Andrew F. Jacobs

Yes, and just as a point of reference, going back a couple of years, so at the end of 2010 and into 2011, that makes with more like 3 quarters shorter duration at the current reset-type stuff, not what you're seeing today. But this is -- a lot of issuance depends on the flow of the collateral is what we're seeing and just the pricing. And so we're comfortable in a fairly broad range in there. And right now, we're kind of settling in at best price at 60% short and the other loan.

Operator

Our next question comes from Joel Houck from Wells Fargo.

Joel Jerome Houck - Wells Fargo Securities, LLC, Research Division

Congrats on a good quarter, really a good year, all things considered. But obviously, you have a higher core earnings than the quarterly dividend, and then, given your earlier comments about prepayment speed even printing more nicely in February and March or at least the expectation. Can you maybe provide some color as to how we should think about the dividend and the year plays out? Obviously, we saw last year, there can be quite a bit of volatility, but it seems like with the Fed taper now actually happening, things have kind of settled down a bit. Maybe your thoughts on the dividend might be helpful.

Phillip A. Reinsch

We made a statement -- this is Phil. We made a statement that we anticipate earnings being and dividends being at or above our dividend rate in 2013. Our forward-looking statements kind of end there. But we are looking at a favorable environment for our portfolio for the year and we'll establish a dividend commensurate with how we're doing.

Andrew F. Jacobs

I think it's important, I mean, the Federal statement yesterday, it appears that the short end of the curve is going to be very much anchored in the range where it is today for quite a number of, possibly, years where we are now. The long end of the curve, which isn't as near as relevant to us, except from a prepayment standpoint, it could -- it wouldn't surprise me to see north, in between 3 and 3.5 at some point during 2014. But then again, it doesn't impact, for the most part, our business. That would cause a nice slowdown in prepayment slightly further than what we've seen. But the short end of the curve, I think the anchoring of that down at the levels where we are, I think, bodes well for us in 2014 and hopefully beyond.

Joel Jerome Houck - Wells Fargo Securities, LLC, Research Division

It's seem like the environment '14 is going to be better than the '13. I'm just -- I mean, your comments in here when you anticipate reporting earnings in 2014 sufficient to pay dividends at or above 2013 quarterly dividend level. You already have, from an earnings standpoint, a nice head start in the first quarter. And if the yield curve steepens while it might not impact yield as much, it certainly helps on the prepayment side. I'm just kind of -- is there a certain amount of institutional caution as you kind of look at the first half of the year? And then, as the year kind of plays out, you can kind of true it up? Or how does -- philosophically, how you look at it as opposed to just the actual number, because obviously, we can't pinpoint you to specific number today.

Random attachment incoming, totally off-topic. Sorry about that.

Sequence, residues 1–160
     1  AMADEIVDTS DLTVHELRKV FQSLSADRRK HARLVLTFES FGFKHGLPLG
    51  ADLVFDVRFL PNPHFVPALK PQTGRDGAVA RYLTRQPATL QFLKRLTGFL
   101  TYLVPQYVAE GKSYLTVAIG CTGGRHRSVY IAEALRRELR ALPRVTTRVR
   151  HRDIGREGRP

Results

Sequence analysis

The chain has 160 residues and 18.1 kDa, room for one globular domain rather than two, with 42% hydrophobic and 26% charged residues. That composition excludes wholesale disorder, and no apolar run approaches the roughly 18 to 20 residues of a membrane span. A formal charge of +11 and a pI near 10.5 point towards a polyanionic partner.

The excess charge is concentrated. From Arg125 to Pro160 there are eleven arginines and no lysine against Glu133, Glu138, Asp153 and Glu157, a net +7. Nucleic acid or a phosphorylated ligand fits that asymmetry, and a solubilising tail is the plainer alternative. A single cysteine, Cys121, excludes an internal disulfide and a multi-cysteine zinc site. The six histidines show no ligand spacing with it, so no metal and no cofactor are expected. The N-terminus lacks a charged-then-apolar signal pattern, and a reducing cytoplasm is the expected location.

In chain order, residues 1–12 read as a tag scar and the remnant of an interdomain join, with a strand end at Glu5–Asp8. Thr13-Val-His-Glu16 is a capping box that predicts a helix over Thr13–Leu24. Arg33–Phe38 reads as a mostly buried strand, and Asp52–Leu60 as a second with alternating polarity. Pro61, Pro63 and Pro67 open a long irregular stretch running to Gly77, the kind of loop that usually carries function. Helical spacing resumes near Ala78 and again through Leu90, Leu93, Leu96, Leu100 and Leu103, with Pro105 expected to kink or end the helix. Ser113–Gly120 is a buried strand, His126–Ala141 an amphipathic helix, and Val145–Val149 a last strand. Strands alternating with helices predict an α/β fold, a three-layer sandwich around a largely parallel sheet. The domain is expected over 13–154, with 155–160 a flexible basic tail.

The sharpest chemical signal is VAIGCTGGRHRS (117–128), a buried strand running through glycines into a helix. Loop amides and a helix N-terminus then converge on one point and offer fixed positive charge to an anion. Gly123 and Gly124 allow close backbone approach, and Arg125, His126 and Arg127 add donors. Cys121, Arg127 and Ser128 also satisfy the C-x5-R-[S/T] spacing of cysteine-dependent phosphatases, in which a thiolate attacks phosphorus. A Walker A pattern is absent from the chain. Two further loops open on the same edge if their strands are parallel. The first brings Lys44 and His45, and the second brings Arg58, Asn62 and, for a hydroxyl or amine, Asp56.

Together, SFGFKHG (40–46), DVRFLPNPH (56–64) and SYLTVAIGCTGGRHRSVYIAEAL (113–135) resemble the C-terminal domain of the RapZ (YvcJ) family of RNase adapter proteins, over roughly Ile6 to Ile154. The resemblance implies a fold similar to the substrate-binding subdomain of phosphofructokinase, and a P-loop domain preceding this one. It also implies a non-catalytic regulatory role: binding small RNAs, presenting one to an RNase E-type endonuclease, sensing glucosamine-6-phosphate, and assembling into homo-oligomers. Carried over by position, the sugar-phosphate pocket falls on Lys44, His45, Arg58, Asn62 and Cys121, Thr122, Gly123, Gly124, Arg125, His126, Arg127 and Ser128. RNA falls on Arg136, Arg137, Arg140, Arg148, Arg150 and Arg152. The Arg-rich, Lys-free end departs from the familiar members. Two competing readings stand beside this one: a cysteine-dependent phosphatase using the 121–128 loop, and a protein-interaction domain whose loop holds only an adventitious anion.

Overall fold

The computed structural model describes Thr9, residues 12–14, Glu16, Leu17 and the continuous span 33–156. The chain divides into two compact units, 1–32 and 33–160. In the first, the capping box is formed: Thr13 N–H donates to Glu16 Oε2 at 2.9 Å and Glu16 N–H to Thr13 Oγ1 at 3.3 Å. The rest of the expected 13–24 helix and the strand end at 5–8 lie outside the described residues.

Phillip A. Reinsch

Well Joel, one thing that we're doing differently and I'm sure you've noticed is we're not letting the dividend bounce around with quarterly operating income numbers and we're trying to take a longer-term view of our dividend run rate and establish it accordingly. And last year, we had a high prepays and we had adjustments coming out of the redemption of our preferreds and that created noise in earnings levels that -- reported earnings levels south of the dividend run rate and made up some of that in the fourth quarter by paying at a $0.31 rate even though we knew we were going to beat it significantly for the fourth quarter. So we've taken a longer-term view at what dividend rate we want to establish so that we don't have to adjust it as often and it doesn't front-run our actual earnings in that sense either. So we don't have a whole lot more we can add to that kind of philosophy that we've adopted.

Andrew F. Jacobs

Well, this is a midterm election year and so the headline risk associated with what's going on in D.C. is always there. So you never know. That's always can change things in the market and what's happening with interest rates and everything. So those guys always scare us.

Joel Jerome Houck - Wells Fargo Securities, LLC, Research Division

No, I – no, that -- I think it scares a lot of people. I guess one final one in a different tack. When you look at the volatility in your underlying asset values in the fourth quarter, what kind of color can you provide? Obviously, the -- from period end to period end, your book value went up nicely in the fourth quarter. But kind of inter quarter, what did you learn with respect to kind of there was a period of time, obviously, when the taper was off and it was back on. And now that we've actually started the taper, have you started to see less volatility in the underlying assets that you have? Or is it still something where you're cautious about as the year plays out?

Phillip A. Reinsch

No. I mean, the kind of the trends you've seen in -- you saw in the fourth quarter and you're seeing more of that same trend in the first quarter of this year, is higher coupon, shorter months to roll securities. Not -- bonds that we classify as longer resets but kind of in the -- inside 3 years to reset with higher coupons did exceptionally well in the fourth quarter and they continue to do well in the first quarter. Our shorter-reset securities were fairly stable. And so you're seeing a lot of people want to be on the short end of the curve. And so a lot of the assets, even if we class fund the longer resets, but our long reset book has a, basically 2 87 coupon with -- plus the 3 years of reset. And that's how to pay for a higher coupon. Shorter months to roll is doing really well right now. And it kind of make sense, right? If you think the curve's going to steepen and that's going to be on hold for 1.5 years, 2 years, whatever, that's a good place to be on the curve. So you're seeing a lot of demand for the type of assets that we own right now.